All right, pop quiz: what do visualization, confidence, practice, and McDonald’s food all have in common? Give up? Well, they are all parts of UCSD point guard Maya Fok’s pregame ritual, of course. Courtesy UCSD Athletics “”I have McDonald’s before every game”” Fok laughed. Just don’t tell the opposing coaches, or they might start waving fries at her on the court a la Grant Hill in those McDonald’s commercials. Whatever Fok’s routine consists of, it appears to be working. She is among the team’s leaders in steals, assists, scoring, minutes played, three-pointers and free throws. Her 2.38 steals per game rank her seventh in the league, while her 3.15 assists per game ties her with teammate Genevieve Ruvald for eleventh in the conference. The 5’5″” junior is even averaging 2.3 rebounds per game. But Fok’s contributions don’t stop there. “”She’s a very strong, dynamic leader,”” said head coach Judy Malone. “”[She’s] very outspoken and a very high-energy person.”” In fact, her energy was a problem at the beginning of the season. “”She’s a little bit quicker than we are at times and she gets down the floor quicker than everyone and tries to do it all herself,”” Malone said. “”[Now] she’s doing better controlling and setting up the offense.”” Not only is Fok directing the offense, but she is also leading the Tritons during their inaugural season in Division II. A transfer from UC Davis, Fok came to UCSD after feuding with her Davis coach and being kicked off the team after her sophomore year. “”I was a little too intense,”” Fok said. “”The coach didn’t really like me, which was weird since I was recruited so heavily. My sophomore year we didn’t make it into the playoffs (Fok was benched for a significant part of the season) and the coach told me there wasn’t a spot for me next year, and that the team ‘wasn’t going in my direction.'”” She then called every team in the conference, hoping to be able to play for a team that would get to face Davis. After talking to Malone, Fok decided to play for UCSD and hasn’t looked back since. “”I feel a lot more comfortable here,”” she said. “”The people on the team are great and it’s just a lot more fun.”” In turn, Fok delivers to UCSD experience playing at the Division II level and terrific ball-handling skills which doesn’t have Coach Malone missing last year’s point guard, who went to Japan. “”[Fok brings] confidence and a very competitive attitude,”” Malone said. “”She also has the mental toughness necessary for her leadership role.”” “”I love pressure,”” Fok said. “”Crunch time is the best part about playing. When you can pull it off under pressure, it’s the greatest feeling in the world. “”I really don’t care if I don’t score. Getting an assist on the game-winning shot is my dream.”” Unfortunately, her game-winning shot in UCSD’s season opener against Point Loma Nazarene with 0.8 seconds left, and her clinching free throws in the 21st Annual UCSD Doubletree Invitational Championship game have left her short of her dream. What’s Fok’s secret for dealing with pressure? “”I talk to myself a lot,”” she laughed. Despite her eccentricities (or perhaps because of them), Fok and her teammates have quickly bonded and come to rely upon each other. “”I just want to go all out for [the team],”” she said. “”Especially the seniors, I admire them so much. I want to cherish every second I have with them and make the best out of this year.”” To do that, according to Fok, the team needs to work on perfecting the mental aspect of the game. “”It’s not an issue of heart,”” she said. “”We have to be mentally prepared and gain some consistency. And gain confidence. I want them to be as confident in me as I am in them. Once we play to our potential, I know we can beat anybody in our conference.”” With the ball resting in the capable hands of Maya Fok, the last thing she should have to worry about is her team’s confidence. ...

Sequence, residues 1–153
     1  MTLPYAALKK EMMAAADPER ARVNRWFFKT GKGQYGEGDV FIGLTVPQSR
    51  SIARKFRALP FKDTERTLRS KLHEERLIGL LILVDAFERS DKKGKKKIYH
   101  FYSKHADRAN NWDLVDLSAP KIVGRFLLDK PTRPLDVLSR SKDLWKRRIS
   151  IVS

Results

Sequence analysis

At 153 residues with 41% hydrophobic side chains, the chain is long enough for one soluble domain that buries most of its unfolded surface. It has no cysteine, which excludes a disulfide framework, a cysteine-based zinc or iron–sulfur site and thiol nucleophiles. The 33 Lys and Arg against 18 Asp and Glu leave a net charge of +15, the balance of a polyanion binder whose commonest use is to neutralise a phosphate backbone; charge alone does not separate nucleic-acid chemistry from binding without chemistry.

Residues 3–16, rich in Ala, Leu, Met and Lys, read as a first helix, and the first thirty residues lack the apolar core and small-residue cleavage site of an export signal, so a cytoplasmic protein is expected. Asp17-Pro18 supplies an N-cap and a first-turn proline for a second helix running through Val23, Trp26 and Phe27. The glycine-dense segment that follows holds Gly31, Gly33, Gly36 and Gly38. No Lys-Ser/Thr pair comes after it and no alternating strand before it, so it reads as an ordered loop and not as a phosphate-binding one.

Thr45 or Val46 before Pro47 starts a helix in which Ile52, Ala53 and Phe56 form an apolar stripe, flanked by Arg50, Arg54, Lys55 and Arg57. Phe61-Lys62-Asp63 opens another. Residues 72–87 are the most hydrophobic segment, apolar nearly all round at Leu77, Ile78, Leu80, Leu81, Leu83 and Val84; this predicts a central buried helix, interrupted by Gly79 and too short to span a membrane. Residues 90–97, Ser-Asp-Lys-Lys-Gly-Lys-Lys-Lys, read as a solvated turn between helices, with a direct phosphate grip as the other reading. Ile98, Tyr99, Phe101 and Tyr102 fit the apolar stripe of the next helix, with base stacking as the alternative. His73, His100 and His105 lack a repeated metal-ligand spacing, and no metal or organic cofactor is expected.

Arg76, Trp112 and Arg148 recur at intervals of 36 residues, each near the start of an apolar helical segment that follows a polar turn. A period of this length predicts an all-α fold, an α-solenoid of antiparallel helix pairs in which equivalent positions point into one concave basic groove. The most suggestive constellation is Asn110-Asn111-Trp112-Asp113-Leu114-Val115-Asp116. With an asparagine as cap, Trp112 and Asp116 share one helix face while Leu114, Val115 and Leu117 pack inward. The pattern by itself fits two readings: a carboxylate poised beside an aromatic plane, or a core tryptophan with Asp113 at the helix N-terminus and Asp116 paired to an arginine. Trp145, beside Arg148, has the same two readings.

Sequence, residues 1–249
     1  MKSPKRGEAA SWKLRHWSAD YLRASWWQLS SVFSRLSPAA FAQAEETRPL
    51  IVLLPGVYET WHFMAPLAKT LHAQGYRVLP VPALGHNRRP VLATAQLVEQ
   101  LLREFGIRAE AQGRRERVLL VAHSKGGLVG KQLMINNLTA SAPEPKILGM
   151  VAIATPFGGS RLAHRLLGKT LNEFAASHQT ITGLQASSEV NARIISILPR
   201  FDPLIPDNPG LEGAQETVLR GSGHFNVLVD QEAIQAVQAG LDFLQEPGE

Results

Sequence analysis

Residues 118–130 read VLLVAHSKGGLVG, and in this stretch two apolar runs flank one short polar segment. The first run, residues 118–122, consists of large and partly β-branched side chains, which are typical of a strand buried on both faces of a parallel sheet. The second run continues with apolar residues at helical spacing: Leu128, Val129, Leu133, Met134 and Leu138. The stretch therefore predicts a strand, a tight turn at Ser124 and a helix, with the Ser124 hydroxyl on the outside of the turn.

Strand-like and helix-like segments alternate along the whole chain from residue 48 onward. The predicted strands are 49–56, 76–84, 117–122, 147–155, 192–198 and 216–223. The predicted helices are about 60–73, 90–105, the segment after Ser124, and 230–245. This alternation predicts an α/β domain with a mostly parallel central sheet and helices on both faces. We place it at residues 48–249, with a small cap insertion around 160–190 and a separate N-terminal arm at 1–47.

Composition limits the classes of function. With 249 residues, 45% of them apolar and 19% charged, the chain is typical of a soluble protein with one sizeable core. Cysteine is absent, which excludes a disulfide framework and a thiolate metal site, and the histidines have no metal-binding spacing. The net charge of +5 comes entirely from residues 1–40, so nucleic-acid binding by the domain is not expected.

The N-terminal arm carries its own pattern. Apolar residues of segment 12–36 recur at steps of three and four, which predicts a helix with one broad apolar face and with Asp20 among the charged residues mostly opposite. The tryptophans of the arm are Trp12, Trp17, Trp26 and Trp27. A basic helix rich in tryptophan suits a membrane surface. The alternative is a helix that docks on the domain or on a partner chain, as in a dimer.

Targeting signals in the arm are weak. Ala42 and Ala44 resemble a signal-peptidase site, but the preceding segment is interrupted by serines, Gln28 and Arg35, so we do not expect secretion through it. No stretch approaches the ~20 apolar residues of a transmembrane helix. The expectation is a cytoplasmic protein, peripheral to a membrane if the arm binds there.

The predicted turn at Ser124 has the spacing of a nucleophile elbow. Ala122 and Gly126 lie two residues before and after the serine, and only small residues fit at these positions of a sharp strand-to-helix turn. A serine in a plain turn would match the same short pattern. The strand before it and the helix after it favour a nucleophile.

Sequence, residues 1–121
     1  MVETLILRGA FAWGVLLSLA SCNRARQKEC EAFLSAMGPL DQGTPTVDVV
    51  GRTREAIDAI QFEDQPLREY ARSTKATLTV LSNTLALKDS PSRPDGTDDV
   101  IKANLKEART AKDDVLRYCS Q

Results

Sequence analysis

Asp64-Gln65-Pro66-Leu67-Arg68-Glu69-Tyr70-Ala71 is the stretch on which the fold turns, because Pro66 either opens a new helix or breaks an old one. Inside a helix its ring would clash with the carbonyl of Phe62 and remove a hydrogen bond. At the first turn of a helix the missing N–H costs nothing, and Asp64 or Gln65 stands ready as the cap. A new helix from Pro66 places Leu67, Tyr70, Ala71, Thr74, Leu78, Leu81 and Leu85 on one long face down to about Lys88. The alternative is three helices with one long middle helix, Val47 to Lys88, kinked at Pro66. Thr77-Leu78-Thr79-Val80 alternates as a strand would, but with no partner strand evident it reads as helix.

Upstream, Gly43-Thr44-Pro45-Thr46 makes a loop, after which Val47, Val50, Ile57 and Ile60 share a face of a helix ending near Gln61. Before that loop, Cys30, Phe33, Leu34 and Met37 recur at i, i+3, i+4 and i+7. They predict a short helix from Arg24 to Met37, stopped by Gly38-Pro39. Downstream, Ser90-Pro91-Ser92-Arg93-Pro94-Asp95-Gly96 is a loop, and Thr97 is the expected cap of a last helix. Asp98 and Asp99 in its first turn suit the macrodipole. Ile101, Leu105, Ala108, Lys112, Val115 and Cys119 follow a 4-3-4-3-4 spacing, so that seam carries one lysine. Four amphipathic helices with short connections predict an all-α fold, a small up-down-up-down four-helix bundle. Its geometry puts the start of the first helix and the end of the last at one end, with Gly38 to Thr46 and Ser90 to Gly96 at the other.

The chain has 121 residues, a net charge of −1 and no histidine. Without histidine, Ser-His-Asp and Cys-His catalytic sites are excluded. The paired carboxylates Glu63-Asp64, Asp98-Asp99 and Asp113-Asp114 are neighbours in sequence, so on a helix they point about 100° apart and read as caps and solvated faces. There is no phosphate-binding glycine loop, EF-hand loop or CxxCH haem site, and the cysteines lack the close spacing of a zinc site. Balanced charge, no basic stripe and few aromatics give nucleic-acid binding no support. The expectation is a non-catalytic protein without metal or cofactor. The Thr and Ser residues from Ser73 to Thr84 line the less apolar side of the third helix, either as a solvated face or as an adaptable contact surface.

Road Unkind to Tritons